The National Autism Association (NAA) is calling it a “Landmark Lieberman Letter” with a headline that reads “Congress Speaks Out on Thimerosal.” I know they’re trying to put a positive spin on every small gain but at some point they need a little perspective. What were they talking about? Senator Joseph Lieberman and seven other Congresspersons sent a letter to David A. Schwartz, MD, the new director of the National Institute of Environmental Health Sciences “urging” (you know, asking) him to look into the thimerosal/autism link. How bold, a letter. Now that’s decisive leadership. Yawn.
They also lauded the Senator for language inserted into a Labor/HHS appropriations bill “recommending a committee be formed to evaluate the need for independent research of the Vaccine Safety Datalink, which has never been fully accessed by anyone outside the CDC.” Now I’m sure that’s a necessary step, but I have a hard time getting worked up over them “recommending a committee be formed.” Ooo, a committee. That’s telling ‘em. And actually, it’s just a recommendation to form a committee, which just as easily can — and probably will — be ignored. I realize that it will be years, if not decades, before the truth comes out, whatever it is, and I think that’s what pisses me off the most. We won’t find out anything meaningful until all the people involved at the CDC and other agencies have either retired or passed away lest they have to face the responsibility of poisoning an entire generation of children. If they did nothing wrong, why not open it up to scrutiny so the world can see they’ve done no harm? I think we all know the answer to that question, especially them, and it’s their lack of willingness to come clean that makes them evil, in my opinion. I don’t believe — or at least I don’t want to believe — that the government’s medical doctors and scientists intentionally caused the autism epidemic, but their continued unwillingness to admit any mistake and honestly face not only the cause, but also what to do next, makes their earlier mistakes, however inadvertent, more and more malevolent. Instead of protecting the public they’ve spent their efforts protecting themselves and are losing what’s left of their souls in the process.
From the NAA press release:
A letter made public this week from eight members of the House and Senate to the National Institute of Environmental Health Sciences (NIEHS) is making headlines, and with good reason. After years of hard work from parents across the country to focus Congressional attention on the thimerosal/autism link, this may finally become a reality.
The offices of Senator Joseph Lieberman and several other lawmakers managed to pass important language as part of a Labor/HHS appropriations bill recommending a committee be formed to evaluate the need for independent research of the Vaccine Safety Datalink, which has never been fully accessed by anyone outside the CDC. A growing number of parents are convinced that the CDC will never be able to appropriately research the VSD because of the agency’s conflicts of interest and possible culpability in allowing an entire generation of children to be overexposed to mercury through vaccines.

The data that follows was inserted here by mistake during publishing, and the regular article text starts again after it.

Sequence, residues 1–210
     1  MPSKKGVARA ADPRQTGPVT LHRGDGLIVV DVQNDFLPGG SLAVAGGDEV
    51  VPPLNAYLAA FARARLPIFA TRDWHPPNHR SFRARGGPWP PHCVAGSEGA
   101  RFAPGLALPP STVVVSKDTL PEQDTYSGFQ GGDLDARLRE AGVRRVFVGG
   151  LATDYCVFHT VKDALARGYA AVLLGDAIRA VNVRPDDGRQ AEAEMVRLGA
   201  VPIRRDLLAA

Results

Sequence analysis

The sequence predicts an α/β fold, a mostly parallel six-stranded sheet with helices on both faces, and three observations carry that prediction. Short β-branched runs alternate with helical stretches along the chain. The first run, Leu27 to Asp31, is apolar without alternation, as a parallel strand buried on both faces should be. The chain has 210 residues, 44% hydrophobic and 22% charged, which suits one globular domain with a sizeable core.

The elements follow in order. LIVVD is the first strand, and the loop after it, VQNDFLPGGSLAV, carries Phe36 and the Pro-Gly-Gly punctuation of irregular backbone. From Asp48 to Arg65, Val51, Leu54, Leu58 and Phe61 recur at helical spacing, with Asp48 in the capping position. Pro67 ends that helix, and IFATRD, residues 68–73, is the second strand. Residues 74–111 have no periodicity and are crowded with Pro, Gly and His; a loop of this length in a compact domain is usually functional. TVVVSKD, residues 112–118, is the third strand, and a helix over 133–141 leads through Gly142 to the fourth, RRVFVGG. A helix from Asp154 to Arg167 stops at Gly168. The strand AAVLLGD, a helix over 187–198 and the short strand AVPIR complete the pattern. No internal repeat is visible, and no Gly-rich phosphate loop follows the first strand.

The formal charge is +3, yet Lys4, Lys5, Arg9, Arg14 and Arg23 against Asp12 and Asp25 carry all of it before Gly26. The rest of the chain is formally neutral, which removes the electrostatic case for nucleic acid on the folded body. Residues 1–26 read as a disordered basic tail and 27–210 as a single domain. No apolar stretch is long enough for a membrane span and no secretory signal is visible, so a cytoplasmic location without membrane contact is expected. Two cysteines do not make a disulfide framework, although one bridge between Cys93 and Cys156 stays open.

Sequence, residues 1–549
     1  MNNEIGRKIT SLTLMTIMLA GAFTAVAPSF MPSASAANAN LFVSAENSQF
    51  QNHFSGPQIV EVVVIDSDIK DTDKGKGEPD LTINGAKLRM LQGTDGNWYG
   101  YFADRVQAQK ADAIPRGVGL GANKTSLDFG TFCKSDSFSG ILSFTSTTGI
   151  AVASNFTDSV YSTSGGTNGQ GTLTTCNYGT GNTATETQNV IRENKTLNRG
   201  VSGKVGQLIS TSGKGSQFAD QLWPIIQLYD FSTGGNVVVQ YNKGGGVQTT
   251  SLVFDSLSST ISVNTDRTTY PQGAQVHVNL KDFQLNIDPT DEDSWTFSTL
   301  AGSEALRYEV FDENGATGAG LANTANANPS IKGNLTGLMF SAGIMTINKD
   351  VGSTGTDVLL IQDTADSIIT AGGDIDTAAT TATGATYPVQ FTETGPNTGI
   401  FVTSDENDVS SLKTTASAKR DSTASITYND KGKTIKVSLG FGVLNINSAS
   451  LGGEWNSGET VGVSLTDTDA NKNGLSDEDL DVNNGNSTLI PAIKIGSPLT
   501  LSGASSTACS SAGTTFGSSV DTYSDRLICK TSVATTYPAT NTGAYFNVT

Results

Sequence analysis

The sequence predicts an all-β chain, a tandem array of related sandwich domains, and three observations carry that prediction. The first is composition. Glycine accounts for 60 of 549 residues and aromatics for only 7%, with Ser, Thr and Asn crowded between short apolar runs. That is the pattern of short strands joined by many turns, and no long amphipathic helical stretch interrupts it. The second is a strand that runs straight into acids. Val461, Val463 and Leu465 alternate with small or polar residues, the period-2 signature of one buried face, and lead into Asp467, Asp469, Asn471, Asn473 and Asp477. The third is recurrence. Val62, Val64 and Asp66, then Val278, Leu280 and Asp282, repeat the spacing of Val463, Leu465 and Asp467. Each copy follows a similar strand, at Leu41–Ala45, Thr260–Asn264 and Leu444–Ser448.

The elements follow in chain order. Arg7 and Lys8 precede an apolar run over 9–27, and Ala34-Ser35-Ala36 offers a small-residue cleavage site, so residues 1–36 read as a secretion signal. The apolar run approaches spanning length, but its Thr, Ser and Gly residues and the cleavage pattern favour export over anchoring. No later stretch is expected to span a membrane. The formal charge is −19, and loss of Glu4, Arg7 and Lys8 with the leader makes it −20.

The letter, addressed to NIEHS director, Dr. David Schwartz, is forceful in urging that the NIEHS direct its efforts towards finding answers for the one in 166 children now diagnosed with autism. This is encouraging news for us all, and a testament to the fact that Congress is listening to us. We will all need to be keeping watch on this situation to see that it receives and maintains the attention it deserves. The full letter is available here: http://www.a-champ.org/Congressionalletter2-22-06.html
I’m starting to think the NAA, and perhaps many of the autism advocacy groups, have been around long enough that they’re becoming part of the establishment they originally sought to hold accountable. One of the things I took away from reading David Kirby’s Evidence of Harm was what grassroots, rebel, in-your-face the original advocacy groups made up of pissed-off parents of autistic kids demanding answers really were. But it’s hard for anyone to sustain that level of rebellion for very long. That’s why dissidence rarely succeeds, it doesn’t have the resources and wherewithal that the rich and powerful enjoy. That’s why most movements for social or political change usually just peter out as their members age and give up. And I’m beginning to believe that’s what is happening here. I’m sure any of the advocacy bigwigs who read this would be aghast, or worse, at my questioning their commitment, especially the ones who were in this fight from beginning. But it’s not their commitment to the fight, it’s what has happened to the fight itself that I see as the problem. This is, obviously, just one observer’s point of view, and one who is no doubt somewhat myopic since we came to the fight so late. But what I now see is slick websites, polished press releases with their own spin, for chrissakes, taking official positions on issues, essentially playing the same political game that the government is and in some cases even using underhanded propaganda for sympathy, support and money. It’s obvious nobody can agree on what to do or the best approach to do it since there are so many organizations. This, of course, works against a real solution since it dilutes what small resources there are, both in terms of people and money. I’m not saying anybody sold out, but I am skeptical whenever an organization for change begins behaving like the bureaucracy it’s trying to change.